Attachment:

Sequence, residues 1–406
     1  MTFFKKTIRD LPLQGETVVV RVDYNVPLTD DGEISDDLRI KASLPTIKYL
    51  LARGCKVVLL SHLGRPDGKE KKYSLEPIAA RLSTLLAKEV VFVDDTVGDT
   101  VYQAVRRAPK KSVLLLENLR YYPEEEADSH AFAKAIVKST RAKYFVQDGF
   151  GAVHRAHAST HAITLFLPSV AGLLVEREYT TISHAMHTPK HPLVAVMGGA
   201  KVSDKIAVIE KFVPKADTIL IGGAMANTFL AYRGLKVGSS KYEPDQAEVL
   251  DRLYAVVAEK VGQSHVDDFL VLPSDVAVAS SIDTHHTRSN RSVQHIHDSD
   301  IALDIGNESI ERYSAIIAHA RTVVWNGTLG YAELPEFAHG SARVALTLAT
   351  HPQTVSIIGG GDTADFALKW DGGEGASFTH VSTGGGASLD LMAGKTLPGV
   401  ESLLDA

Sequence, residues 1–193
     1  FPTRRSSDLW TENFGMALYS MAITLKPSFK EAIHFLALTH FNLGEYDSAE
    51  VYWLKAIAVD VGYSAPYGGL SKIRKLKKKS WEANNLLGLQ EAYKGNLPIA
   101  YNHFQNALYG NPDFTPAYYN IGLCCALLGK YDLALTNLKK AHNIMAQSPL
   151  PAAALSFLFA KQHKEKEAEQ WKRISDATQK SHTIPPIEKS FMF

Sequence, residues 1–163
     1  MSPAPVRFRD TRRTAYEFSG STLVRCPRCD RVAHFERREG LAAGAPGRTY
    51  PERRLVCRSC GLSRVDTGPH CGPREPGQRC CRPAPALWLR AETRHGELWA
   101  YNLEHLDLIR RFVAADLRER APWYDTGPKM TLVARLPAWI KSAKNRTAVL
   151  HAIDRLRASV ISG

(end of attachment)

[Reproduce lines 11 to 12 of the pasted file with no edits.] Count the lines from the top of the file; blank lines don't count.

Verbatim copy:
Sequence, residues 1–193
     1  FPTRRSSDLW TENFGMALYS MAITLKPSFK EAIHFLALTH FNLGEYDSAE